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Teacher 'proof' cancer drug works

A teacher who was diagnosed with terminal bowel cancer said she was extremely disappointed that the health watchdog turned down a "life-saving" drug for use on the NHS.

Barbara Moss said that she was "living proof" Avastin (bevacizumab) works.

In November 2006, the 55-year-old was given just three months to live after doctors discovered her advanced bowel cancer had spread to her liver.

After two treatments of Avastin, her grapefruit-sized tumour shrank to half its size and she was operated on by surgeons. She has been in remission for 18 months.

Speaking from Brittany, France, where she is holidaying with her husband Mark, 48, Mrs Moss said the National Institute for Health and Clinical Excellence (Nice) had put a "value on life" after it said the price was too high for the extra benefit it gives patients.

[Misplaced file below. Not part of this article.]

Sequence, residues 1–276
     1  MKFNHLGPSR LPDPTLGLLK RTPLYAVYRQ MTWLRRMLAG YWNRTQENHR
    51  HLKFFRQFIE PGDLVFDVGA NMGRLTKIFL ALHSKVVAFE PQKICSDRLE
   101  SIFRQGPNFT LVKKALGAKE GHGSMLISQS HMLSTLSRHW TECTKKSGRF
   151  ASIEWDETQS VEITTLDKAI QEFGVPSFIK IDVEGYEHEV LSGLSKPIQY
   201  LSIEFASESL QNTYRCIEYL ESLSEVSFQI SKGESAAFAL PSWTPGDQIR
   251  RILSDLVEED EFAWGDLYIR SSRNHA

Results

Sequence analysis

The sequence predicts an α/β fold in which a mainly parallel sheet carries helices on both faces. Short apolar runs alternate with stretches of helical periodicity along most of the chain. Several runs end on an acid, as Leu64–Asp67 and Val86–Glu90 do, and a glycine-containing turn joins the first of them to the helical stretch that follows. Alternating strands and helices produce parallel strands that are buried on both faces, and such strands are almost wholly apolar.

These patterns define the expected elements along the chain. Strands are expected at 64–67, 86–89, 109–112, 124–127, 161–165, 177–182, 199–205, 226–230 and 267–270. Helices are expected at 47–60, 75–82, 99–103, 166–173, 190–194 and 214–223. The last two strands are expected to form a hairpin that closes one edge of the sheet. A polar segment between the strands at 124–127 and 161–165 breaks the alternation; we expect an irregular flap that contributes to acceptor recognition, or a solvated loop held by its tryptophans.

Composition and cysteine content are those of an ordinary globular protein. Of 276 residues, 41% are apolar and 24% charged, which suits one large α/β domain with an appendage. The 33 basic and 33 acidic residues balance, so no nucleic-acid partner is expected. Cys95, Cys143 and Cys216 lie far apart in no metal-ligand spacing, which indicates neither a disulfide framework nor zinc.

Mrs Moss, from Worcester, said: "I am living proof that Avastin works. I have seen people dying who were less ill than I was. It seems immoral to me that, as a result of negative Nice decisions like this one, people's choice of living or dying depends on whether they can afford a drug because it isn't available to them on the NHS."

Avastin costs almost £21,000 per patient and an estimated 6,500 people per year could be eligible for the drug.

Clinical data submitted by Roche to the watchdog shows it can typically offer patients an extra six weeks of life when added to the chemotherapy drugs capecitabine and oxaliplatin.

Data also suggests the trio of drugs means 78% of patients see their liver tumours shrink to such a degree that they are eligible for potentially life-saving surgery.

Sir Andrew Dillon, chief executive of Nice, said: "We are disappointed not to be able to recommend bevacizumab as well but we have to be confident that the benefits justify the considerable cost of this drug."

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